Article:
Tips & Tricks #5 — Lighting
Depending on the quality of your camera, you may or may not be able to get away with certain lighting situations. But incorporating the sunset into your images always gives a fantastic ambience. If it’s a bright, sunny day (and it’s high noon), find a spot of shade and take the picture there to avoid squinty, raccoon eyes. In general, for outdoor shots, the softer morning and evening light is the best.
When shooting indoors, one rule of thumb that works regardless of your camera is to turn your subjects’ faces TOWARD the window light. This way, the light illuminates their faces. Natural light is your best friend.
The worst thing you can do is to sit a bunch of people in front of a window and shoot the picture towards the light– your image will be backlit and the faces will be dark. Find a spot where natural light is streaming in, face your subjects’ faces toward it, and take your picture. There is a drastic difference!
Sometimes, you can’t always control where your subject is, or maybe you want to be sneaky. In this case, often just changing your own angle (where you are shooting the image from) can make all the difference in the world.
Tips & Tricks #6 — The Posed Shots
I love a good posed shot. But instead of walking up to some kids and just shouting out “Look at me and smile!” — which usually only results in kids looking any which direction while blurting out “Cheeeeeese” with a fake smile — my instruction is a little different.
Some kids will naturally get together cutely, and your job is done. But if they don’t, I tell everyone, “Put your arms around each other! Look like you love each other! Touch heads!!” This usually does the trick… see the results in the next couple images.
Tips & Tricks #7 — Timing
This is a similar tip to anticipation… if you are anticipating correctly, then usually your timing will be on cue. Sometimes though, it means taking a few subsequent shots in a row so you capture the exact moment you’re looking for. As a professional photographer, I can tell you that my most favorite images aren’t ones I posed, click my shutter button once, and then sat back and looked at the beautiful image I created. They are the ones where I snapped furiously as something was taking place… and later looking back and saying, “Oh wow… I can’t believe I caught that moment.” The nice thing about “digital” is that there is a delete button… so just make sure you delete the 23 outtakes you don’t want!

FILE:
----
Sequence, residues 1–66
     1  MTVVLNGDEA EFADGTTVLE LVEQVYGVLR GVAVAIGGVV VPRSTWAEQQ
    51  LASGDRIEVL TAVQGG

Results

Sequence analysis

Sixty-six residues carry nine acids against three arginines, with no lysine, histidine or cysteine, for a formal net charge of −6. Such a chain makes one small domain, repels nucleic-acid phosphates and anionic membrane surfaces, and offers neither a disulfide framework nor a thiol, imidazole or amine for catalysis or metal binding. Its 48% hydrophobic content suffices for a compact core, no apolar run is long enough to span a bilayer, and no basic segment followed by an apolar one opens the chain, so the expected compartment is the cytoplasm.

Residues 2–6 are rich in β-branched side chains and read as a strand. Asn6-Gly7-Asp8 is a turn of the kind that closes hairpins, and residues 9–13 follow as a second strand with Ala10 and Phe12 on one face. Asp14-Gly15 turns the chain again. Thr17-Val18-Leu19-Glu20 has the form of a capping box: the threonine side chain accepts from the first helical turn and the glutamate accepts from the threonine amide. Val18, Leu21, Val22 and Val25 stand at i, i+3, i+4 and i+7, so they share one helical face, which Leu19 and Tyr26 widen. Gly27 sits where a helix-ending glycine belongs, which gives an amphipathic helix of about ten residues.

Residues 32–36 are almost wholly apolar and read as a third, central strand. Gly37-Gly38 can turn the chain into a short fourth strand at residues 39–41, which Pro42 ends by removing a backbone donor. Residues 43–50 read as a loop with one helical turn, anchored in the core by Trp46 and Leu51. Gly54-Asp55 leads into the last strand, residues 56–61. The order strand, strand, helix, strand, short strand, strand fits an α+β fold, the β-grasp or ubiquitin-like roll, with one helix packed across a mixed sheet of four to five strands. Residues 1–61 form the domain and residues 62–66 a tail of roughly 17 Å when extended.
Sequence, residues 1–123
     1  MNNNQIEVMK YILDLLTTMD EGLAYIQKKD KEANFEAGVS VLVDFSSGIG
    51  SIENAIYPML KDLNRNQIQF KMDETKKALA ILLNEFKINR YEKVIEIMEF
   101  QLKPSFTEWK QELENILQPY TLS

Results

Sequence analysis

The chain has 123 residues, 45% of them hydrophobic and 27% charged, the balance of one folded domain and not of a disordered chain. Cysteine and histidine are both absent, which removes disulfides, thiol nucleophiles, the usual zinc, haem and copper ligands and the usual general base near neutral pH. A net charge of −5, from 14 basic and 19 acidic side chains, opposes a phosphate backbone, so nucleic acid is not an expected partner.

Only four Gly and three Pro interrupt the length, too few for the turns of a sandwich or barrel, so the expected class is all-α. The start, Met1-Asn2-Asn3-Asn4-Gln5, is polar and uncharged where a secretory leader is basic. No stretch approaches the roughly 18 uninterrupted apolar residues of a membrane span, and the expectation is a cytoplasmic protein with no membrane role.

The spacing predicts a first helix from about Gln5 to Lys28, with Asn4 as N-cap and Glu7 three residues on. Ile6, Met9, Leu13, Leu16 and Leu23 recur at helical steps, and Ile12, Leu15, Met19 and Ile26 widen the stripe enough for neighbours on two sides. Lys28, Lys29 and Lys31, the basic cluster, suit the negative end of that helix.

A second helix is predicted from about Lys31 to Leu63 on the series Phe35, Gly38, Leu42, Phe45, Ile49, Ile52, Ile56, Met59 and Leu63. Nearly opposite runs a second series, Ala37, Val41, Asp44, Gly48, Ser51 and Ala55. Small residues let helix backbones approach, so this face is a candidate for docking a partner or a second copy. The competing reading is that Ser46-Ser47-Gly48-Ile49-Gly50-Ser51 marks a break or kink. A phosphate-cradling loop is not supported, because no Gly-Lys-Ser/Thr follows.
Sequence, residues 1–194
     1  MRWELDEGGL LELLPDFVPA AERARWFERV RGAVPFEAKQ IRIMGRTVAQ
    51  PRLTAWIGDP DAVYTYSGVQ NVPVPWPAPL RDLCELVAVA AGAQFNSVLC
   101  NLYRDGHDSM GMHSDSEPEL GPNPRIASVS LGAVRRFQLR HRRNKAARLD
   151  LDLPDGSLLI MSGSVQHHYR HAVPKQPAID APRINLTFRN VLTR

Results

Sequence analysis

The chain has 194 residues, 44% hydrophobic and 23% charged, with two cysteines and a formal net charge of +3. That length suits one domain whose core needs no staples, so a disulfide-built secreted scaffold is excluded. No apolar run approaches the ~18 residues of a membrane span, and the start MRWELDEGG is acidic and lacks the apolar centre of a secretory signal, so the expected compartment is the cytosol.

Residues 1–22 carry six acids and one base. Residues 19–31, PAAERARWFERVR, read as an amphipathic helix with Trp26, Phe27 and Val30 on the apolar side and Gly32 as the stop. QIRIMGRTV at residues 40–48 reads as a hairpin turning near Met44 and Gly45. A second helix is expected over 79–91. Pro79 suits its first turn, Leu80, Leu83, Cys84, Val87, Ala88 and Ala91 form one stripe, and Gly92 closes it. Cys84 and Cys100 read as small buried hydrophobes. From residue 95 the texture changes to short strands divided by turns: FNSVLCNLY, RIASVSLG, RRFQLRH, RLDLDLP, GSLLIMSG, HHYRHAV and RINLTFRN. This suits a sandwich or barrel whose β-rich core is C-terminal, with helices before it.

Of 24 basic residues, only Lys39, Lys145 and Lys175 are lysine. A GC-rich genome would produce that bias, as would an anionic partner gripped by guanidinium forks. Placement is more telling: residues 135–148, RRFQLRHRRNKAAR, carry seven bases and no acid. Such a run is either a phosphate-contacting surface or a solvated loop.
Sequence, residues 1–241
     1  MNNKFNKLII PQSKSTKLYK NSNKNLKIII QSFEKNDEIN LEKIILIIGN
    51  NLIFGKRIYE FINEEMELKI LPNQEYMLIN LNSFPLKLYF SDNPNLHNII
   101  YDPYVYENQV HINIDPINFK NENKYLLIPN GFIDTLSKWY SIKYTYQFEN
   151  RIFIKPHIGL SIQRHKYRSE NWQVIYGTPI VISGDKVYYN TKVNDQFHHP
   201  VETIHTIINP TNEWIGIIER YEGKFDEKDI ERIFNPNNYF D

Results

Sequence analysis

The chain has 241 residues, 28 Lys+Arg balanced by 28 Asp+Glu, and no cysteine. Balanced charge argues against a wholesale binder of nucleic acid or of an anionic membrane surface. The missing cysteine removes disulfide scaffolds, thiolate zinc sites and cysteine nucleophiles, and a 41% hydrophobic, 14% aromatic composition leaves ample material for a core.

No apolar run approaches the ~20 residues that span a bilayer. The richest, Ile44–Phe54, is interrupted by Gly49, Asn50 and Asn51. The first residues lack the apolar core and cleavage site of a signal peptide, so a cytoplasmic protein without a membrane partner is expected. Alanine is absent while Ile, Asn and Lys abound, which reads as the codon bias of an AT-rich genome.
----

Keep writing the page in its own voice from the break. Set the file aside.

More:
Tips & Tricks #8 — Framing
Perfectly centered images are the norm, and OK most of the time. But to add interest and character, consider off-setting your subject to one side or the other.
Or– when shooting the image– allow a background subject to be off-set or cut off slightly… still contributing to the “feel and emotion” of the picture, but not as a main point.
Think outside the box… and your images will become more and more creative!
I hope today’s post gave you a few tips on how to shoot better images of your kids! As always, if you ever have any questions or comments about any of these posts, shoot me a message. I love to “talk shop,” answer questions, or even just meet or catch up with my readers!